Lana Del Rey is an extremely unlikely indie fave, but that’s OK– it doesn’t look like the rest of the world knows what to do with her, either. It’s not often that you come across a breakout artist who so thoroughly disguises her own level of awareness or intent. Listening to “Video Games” for the first time, hearing those chords paired with that voice, was a true WTF moment. Literally: “What the fuck am I hearing right now? Who is this person and where did she come from?”
Among other things, “Video Games” is Del Rey’s withering critique of the dehumanizing desires and stunted emotional capacities of men, and it would be powerful enough even if she were just momentarily putting on the guise of a tragic sex kitten in order to make her point. The fact that her overarching persona is more or less inextricable from that cartoonish bombshell, however, adds another fascinating, unnerving layer to the performance. The song’s net effect was a mixture of that opening sense of mystery tempered with what we learned (or didn’t learn) about a woman once known as Lizzy Grant. As a song, it should be too over-the-top to work– the stereotypical tastefulness of the music, the breathiness of Del Rey’s vocals, the utter sadness and desperation so blatantly present in the lyrics. But it clicks because she never winks, not even when the tape stops rolling and the cameras are turned off.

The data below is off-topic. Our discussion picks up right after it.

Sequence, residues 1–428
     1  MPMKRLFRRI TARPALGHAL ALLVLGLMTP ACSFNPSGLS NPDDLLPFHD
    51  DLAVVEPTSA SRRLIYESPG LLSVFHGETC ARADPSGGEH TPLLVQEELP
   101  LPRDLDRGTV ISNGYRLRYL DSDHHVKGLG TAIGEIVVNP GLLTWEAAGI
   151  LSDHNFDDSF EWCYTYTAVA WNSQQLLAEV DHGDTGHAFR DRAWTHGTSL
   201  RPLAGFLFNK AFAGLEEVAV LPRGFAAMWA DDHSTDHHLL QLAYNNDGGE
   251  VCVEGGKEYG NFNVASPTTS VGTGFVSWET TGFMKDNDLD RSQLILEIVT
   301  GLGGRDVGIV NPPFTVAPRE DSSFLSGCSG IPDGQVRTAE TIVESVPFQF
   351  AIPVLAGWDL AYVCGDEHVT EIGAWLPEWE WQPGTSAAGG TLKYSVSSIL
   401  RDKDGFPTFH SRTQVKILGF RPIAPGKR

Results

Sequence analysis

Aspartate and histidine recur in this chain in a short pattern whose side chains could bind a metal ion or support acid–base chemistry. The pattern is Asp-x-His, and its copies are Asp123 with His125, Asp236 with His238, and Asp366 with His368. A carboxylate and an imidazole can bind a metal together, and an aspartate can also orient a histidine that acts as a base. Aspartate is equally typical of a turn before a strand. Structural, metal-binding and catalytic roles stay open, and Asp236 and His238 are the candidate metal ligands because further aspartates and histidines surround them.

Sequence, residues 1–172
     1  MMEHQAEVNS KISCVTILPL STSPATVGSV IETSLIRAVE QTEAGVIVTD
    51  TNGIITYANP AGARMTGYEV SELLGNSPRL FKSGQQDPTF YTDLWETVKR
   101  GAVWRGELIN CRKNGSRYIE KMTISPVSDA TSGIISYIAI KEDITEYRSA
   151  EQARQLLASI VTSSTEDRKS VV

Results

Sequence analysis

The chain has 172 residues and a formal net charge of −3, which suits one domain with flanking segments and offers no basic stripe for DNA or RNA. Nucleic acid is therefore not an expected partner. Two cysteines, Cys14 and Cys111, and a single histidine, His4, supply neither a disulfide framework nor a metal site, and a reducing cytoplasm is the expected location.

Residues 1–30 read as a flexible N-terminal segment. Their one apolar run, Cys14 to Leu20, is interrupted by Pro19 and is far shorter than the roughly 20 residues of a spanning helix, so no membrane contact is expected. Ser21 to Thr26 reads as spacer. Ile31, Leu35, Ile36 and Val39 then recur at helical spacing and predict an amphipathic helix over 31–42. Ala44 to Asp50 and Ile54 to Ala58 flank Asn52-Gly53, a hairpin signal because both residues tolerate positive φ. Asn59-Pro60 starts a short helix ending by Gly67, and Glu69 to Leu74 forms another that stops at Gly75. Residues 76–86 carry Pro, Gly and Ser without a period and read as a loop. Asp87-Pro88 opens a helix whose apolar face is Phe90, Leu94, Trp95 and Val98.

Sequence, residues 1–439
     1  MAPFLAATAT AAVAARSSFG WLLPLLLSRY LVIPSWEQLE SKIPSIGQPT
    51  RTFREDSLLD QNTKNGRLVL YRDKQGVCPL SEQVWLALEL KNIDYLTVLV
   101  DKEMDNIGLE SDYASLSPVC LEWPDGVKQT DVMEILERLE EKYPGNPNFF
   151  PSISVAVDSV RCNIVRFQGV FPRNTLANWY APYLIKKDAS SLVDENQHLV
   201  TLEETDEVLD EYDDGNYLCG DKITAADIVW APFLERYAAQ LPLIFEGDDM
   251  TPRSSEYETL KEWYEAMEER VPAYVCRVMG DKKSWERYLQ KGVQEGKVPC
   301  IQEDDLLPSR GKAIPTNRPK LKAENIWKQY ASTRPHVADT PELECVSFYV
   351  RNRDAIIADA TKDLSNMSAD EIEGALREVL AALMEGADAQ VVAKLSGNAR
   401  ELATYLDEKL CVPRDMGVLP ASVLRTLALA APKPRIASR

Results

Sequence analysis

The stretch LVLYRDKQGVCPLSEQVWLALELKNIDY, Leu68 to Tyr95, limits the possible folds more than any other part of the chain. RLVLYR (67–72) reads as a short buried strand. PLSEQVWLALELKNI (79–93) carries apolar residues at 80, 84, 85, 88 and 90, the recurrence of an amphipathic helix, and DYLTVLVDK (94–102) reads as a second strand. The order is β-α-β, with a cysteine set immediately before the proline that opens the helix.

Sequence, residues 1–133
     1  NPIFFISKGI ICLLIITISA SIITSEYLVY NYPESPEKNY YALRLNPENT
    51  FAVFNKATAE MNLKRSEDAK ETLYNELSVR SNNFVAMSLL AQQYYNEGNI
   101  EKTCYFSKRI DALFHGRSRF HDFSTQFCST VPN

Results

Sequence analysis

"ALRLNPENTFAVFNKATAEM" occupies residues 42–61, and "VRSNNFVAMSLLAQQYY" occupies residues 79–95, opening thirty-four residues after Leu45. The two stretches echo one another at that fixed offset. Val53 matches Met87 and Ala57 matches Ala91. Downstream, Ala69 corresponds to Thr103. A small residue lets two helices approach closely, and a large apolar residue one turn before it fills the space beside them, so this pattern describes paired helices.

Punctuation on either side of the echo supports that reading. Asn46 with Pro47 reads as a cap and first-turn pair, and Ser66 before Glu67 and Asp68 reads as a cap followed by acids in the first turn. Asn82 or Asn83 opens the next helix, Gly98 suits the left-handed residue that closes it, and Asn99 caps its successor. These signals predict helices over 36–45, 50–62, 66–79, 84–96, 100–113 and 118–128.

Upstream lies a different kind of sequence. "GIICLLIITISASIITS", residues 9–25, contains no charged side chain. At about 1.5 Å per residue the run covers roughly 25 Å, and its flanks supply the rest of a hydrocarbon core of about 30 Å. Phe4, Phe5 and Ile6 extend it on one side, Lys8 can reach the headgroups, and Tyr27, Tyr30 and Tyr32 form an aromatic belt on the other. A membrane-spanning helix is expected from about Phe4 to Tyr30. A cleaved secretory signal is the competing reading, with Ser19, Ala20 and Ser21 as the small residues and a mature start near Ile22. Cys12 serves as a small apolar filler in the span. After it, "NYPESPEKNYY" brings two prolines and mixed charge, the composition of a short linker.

Video Games was named as the best video of 2011 by Toronto Men’s Online Magazine. To check all the list, click here. You can watch the video and read what Toronto Magazine said about Video Games below.
Lana Del Rey’s eerie ode to fucking with the camcorder on will be remembered as the first (and maybe last) genuine hipster blog/Youtube crossover hit, even if her career has fizzled by next March. It’s a great song in the first place, slow but insistent, but the clip cements it; Del Rey’s vamping is mysterious even as she now risks overexposure, her mix of stock and pop culture clips intriguing even after repeating the idea twice more. In short, “Video Games” transcends whatever hope or hate you might hold for its artist and earns the attention it’s brought her.